|Brendon: Looking towards the future, do you have any thoughts on how this work might be preserved and grow over the next few years?
Paul: Yes. This article is the first time anything has been put in writing about his work in recent years. I'd also like to present the work through other teachers, books, and articles. Perhaps in a school outside of NYU. Right now, I'm most interested in using this work for performance.
Looking down the road, I predict that the field of dance will move more toward using energetic studies of the body, rather than simply mechanical movement. How do I say this simply? It's like the shift from Newtonian physics to quantum mechanics. Research that seems exotic today - such as how the cerebrospinal fluid works, the complexities of the endocrine system, Oriental views of energy - will be well-known and accessible resources in the future. I think Allan Wayne Work is open-ended enough to include such a rich expansion of knowledge. My own practice of this work keeps evolving in this direction.
Brendan: Are there any final comments about Allan you would like to share?
He was high strung, flamboyant, and campy.
| He could be judgmental and critical in a very "old school" way.He was high strung, flamboyant, and campy. He could be judgmental and critical in a very "old school" way. He was also very loving and concerned with each student's progress. He always came to each student's performance. That kind of loyalty was moving. Yes - he approached his clases and his life with passionate intensity, and could be both wonderful and difficult.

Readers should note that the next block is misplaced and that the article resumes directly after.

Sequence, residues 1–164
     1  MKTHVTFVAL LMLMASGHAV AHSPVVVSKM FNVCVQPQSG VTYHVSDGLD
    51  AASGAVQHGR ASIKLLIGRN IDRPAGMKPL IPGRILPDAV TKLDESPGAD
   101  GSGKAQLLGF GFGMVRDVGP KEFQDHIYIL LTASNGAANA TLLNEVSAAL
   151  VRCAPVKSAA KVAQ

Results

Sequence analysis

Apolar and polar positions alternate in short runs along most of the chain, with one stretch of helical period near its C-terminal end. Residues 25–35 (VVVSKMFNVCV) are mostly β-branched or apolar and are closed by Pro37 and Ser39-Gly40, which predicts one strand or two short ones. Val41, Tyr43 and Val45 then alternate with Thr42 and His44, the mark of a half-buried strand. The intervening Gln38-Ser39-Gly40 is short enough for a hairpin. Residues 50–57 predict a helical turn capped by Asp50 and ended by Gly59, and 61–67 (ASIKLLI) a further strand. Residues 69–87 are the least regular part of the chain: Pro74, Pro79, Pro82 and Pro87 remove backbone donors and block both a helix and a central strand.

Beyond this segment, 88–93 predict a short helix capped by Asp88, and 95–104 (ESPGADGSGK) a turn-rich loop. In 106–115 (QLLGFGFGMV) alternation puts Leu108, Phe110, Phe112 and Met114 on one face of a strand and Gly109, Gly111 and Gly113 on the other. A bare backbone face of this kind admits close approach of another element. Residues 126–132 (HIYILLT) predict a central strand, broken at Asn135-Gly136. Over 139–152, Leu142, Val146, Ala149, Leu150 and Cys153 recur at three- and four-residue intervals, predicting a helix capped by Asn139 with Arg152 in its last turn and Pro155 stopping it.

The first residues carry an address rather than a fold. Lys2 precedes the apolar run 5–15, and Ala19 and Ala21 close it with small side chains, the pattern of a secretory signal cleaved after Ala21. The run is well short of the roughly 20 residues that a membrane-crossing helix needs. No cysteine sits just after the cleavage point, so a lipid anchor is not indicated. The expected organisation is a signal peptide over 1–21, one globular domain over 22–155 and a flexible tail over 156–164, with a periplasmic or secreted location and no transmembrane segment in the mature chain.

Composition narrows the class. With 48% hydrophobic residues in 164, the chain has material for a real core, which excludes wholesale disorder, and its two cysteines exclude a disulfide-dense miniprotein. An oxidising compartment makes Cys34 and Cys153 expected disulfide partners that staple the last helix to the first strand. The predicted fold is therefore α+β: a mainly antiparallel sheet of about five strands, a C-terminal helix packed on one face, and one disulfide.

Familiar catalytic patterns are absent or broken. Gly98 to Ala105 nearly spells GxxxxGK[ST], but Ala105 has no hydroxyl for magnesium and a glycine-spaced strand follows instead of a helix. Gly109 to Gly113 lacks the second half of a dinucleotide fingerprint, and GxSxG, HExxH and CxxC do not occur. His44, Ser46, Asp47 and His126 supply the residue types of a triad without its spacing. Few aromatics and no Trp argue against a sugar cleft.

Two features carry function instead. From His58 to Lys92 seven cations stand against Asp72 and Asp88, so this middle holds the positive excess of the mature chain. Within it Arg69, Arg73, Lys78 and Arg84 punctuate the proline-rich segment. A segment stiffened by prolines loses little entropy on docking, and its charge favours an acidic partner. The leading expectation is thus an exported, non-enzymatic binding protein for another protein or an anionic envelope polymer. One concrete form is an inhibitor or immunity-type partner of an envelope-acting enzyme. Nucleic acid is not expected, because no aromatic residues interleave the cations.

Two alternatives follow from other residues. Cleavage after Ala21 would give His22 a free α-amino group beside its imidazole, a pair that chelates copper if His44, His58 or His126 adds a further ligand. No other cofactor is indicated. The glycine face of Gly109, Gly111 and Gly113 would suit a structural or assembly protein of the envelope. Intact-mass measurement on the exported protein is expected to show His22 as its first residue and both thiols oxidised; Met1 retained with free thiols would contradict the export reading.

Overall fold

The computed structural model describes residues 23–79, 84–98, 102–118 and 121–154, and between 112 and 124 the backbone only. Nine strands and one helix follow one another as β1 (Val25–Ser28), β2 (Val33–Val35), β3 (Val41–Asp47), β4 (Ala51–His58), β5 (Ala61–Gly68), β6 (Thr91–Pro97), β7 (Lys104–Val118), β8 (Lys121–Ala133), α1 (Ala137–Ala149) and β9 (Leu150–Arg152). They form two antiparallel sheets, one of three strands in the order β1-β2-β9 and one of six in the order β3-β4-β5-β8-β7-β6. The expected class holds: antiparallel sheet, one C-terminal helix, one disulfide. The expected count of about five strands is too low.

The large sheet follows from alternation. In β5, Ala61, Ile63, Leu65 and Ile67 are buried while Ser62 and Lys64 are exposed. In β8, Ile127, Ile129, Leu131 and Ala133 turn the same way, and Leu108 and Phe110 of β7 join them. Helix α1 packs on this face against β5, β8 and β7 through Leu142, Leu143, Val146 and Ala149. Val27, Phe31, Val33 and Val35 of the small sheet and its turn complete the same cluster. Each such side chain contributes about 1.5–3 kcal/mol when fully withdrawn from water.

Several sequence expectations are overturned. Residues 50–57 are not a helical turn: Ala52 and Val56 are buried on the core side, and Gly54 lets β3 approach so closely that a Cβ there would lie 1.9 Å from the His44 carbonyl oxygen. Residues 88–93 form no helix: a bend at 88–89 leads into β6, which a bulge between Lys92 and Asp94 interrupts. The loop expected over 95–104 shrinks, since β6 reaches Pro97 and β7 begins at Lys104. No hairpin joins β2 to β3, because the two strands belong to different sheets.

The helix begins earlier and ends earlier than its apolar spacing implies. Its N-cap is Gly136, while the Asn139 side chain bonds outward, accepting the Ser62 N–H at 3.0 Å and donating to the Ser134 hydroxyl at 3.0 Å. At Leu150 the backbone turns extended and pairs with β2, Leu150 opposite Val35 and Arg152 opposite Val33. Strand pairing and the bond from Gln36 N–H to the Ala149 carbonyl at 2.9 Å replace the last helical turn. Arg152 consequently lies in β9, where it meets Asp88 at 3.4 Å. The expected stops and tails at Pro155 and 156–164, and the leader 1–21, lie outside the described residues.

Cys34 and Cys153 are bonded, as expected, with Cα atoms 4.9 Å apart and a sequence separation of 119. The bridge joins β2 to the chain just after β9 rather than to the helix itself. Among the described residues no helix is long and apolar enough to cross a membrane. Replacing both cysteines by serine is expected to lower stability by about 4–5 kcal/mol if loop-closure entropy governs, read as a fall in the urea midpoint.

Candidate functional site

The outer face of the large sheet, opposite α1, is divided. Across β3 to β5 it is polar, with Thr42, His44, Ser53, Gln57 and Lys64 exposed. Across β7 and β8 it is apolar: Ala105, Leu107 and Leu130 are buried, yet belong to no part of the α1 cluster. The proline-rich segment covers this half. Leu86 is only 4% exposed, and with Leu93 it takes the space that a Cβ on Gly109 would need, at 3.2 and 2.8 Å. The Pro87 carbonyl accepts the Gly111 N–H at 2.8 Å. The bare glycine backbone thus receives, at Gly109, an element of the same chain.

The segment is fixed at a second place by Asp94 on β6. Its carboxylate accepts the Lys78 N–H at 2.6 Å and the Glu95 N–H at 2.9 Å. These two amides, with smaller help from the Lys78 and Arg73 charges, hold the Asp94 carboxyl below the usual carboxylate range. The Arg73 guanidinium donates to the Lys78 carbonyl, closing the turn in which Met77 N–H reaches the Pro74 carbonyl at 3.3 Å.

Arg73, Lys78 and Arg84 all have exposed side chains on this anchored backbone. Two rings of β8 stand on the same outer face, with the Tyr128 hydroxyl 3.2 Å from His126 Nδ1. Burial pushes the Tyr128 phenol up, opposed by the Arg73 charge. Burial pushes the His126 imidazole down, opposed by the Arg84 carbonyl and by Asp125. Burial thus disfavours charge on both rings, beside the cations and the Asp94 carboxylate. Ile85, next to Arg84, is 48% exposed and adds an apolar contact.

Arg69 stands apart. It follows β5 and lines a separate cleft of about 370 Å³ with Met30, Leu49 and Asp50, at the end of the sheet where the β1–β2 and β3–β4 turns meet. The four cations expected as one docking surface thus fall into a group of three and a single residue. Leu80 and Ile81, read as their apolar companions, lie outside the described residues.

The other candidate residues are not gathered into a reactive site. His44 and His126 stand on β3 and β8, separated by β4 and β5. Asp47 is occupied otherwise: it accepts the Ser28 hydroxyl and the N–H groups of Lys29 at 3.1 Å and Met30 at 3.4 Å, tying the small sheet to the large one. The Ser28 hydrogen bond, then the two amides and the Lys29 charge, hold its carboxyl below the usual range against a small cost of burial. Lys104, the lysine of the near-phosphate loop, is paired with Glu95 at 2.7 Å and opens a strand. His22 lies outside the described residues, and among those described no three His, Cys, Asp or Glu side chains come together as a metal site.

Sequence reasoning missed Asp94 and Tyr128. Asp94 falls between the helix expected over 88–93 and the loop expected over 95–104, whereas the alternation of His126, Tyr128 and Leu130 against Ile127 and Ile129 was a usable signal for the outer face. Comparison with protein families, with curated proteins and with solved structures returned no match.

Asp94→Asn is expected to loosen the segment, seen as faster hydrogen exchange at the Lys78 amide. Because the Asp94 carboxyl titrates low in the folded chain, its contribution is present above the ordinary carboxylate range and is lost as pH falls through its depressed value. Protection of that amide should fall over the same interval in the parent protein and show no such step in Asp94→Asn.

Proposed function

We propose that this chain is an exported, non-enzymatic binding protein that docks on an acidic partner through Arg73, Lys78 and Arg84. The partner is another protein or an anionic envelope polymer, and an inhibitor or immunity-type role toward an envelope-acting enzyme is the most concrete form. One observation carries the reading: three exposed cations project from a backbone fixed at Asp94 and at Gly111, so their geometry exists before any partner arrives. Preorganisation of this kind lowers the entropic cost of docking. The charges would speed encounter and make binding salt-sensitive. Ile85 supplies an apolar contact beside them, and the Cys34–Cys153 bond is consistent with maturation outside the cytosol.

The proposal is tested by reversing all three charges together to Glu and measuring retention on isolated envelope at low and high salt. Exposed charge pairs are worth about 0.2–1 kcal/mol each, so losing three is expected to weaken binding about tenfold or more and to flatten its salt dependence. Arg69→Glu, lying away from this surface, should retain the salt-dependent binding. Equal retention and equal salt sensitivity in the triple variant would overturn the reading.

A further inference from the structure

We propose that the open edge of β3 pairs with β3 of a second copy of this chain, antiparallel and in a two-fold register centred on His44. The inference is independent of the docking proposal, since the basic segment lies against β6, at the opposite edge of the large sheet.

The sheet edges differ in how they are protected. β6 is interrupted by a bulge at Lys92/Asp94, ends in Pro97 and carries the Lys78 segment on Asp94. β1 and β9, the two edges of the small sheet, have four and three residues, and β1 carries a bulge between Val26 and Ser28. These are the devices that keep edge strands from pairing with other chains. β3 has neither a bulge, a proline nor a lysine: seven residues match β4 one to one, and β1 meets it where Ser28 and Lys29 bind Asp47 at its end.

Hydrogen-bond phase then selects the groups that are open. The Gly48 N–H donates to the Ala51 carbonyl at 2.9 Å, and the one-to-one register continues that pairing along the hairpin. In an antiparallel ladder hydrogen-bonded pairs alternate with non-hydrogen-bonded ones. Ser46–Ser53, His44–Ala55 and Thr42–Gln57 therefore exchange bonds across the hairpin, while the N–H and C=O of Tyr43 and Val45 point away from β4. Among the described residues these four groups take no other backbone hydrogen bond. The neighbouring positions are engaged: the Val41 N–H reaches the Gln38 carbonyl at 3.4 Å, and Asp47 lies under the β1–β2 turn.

We had a love-hate relationship. Once he said, "Paul, I dislike you so much that I'm going to make class so difficult for you that I hope it becomes impossible for you to stay here!" Most would have walked out the door. Somehow I felt challenged to stick to it; maybe that is why the work goes so deep with me.
The last year of class with him was one of great acknowledgement from him for my work as a student. Allan wanted to retire to Woodstock, and stop teaching. He was 73 years old. I wrote him a letter, begging him to continue, because I felt I wasn't finished yet. He came back to New York, and recommenced class. Those next few months were very important for me. I started having a lot of breakthroughs, as did the rest of the class, which included much of the Meredith Monk Company at that point. Allan started giving away some personal things to each student - furniture, books, pictures - like a parent would. We all sensed that the class was entering a very precious time. Then he died.